What is a Lasting Power of Attorney (LPA)?
LPA’s are legal documents that allow a person called ‘The Donor’, to appoint someone they know and trust, called ‘The Attorney’, to make decisions on their behalf should they lose capacity and are no longer be able to make decisions for themselves. All decisions need to be made in the best interests of the Donor.
For the LPA(s) to become active, they must be registered with the Office of Public Guardian (OPG). There is no time limit for the registration of the LPA(s) but the sooner it is registered the better. You cannot rectify mistakes after you lose capacity. A registration fee will be payable for each LPA, and an LPA can be made by anyone over the age of 18 – they must have mental capacity at the point of registration.
There are two types of LPA in England & Wales:
- Health & Welfare
- Property & Financial Affairs
Why should you make an LPA?
Have you considered what would happen if you were incapable of making your own decisions due to a serious accident or ill health? Would your family be able to access bank accounts and investments held in your name? Would you want people you don’t know or trust to make important decisions such as where you should live and what health care you should receive?
Consider it now? – What does it look like?
What type of scenario are they used for?
Health & Welfare – can only be used when you have lost mental capacity.
- Decisions on day-to-day care.
- Where you should live.
- What to wear.
- Health Treatment.
Property & Financial Affairs – can be used prior to losing mental capacity with your consent and with instructions on what the Attorney can do.
- Paying your bills.
- Selling your house.
- Collecting income.
- Dealing with your bank accounts.
How can my Attorney(s) make decisions?
You can have more than one Attorney, but you must decide how they should act on your behalf, for example:
- Jointly – Every decision needs to be made jointly and all Attorney(s) will need to sign all documents.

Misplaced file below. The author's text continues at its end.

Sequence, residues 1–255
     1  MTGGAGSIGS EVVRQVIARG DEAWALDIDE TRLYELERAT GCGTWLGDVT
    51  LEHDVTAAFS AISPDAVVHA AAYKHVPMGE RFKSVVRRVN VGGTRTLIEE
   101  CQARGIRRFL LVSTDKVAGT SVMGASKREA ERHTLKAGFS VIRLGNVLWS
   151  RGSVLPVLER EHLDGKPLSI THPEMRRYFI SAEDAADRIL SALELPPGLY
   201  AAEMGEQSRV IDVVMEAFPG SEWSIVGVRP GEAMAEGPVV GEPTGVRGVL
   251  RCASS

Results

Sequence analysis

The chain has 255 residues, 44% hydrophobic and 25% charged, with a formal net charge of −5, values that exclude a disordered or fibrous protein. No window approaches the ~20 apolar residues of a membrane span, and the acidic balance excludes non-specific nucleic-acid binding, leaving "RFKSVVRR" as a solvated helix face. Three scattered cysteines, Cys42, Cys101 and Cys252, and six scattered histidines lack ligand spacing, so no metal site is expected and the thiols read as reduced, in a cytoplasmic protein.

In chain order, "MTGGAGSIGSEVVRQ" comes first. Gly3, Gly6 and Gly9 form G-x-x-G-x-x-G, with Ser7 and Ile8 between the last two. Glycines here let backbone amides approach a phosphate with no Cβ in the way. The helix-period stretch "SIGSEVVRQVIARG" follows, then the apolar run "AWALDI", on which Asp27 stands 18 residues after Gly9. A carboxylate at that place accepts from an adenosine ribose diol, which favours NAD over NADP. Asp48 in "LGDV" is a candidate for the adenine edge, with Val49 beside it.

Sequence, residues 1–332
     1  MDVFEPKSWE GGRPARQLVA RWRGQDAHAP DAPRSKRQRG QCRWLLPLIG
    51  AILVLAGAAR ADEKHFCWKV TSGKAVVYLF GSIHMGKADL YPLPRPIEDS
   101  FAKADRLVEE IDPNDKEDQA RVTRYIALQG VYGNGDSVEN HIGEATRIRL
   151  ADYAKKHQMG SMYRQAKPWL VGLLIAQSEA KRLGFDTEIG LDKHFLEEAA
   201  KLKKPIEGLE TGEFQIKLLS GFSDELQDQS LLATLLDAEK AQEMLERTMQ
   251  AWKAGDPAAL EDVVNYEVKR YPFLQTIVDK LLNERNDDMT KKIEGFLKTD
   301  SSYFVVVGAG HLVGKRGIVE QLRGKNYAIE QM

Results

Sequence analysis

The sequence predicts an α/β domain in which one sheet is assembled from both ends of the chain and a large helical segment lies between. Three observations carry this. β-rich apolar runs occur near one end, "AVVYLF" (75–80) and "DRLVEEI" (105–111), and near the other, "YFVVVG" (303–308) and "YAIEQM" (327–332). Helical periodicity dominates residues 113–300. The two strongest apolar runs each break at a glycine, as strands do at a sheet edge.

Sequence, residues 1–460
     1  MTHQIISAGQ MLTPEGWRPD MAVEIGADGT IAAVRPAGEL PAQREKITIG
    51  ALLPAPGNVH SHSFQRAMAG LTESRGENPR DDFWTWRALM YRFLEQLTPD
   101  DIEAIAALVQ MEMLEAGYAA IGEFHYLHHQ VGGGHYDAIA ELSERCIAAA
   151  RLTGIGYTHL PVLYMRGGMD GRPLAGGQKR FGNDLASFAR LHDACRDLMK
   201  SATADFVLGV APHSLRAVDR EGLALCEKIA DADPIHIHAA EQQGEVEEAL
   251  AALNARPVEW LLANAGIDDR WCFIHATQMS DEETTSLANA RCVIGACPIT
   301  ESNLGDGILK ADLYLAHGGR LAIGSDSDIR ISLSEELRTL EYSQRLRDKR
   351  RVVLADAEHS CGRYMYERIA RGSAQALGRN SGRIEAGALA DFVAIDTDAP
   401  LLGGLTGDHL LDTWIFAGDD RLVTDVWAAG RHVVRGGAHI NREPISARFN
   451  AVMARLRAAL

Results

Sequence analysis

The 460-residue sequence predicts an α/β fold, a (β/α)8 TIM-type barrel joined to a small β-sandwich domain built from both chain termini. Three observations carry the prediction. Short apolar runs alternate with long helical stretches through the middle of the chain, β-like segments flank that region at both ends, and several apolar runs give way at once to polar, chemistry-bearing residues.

- Jointly and severally – All decisions can either be made jointly or severally by your Attorney(s).
- Jointly in respect of some matters and severally in respect of others – You would make it clear in your instruction how you would wish this to work.
- Can the Attorneys all work together – would there be any conflict where decisions might be delayed or not agreed?
- What happens if an Attorney cannot be contacted or becomes incapacitated?
What is a Certificate Provider?
This is an impartial person over the age of 18 years who confirms that the Donor understands what they are doing and that there has been no undue influence brought to bear. They must confirm that:
- the Donor understands the significance of the LPA.
- the Donor has not been put under pressure to make it.
- the Donor has not been subject to fraud in making the LPA.
- there are no other reasons for concern.
What happens if you lose capacity and don’t have an LPA in place?
Your family will need to apply to the Court of Protection, who will determine whether you have mental capacity to decide.
They can make an order relating to your Health & Welfare and Property and Financial Affairs.
The Courts can appoint a deputy to make those decisions on your behalf. Someone you know can apply to become a Deputy, but the court will decide whether the person is suitable for the role and whether there is a requirement.
All of this will take time, incur a great cost and is likely to leave your loved ones with little or no access to money or decision-making capabilities, just at a time when they are likely to be under significant stress and emotional turmoil.
At Serenity, we regularly review whether you have an LPA in place at your annual Forward Planning Meetings, and if not, how we can assist you in setting one up. If you’re looking at getting an LPA done, do get in contact with you Financial Planner for assistance.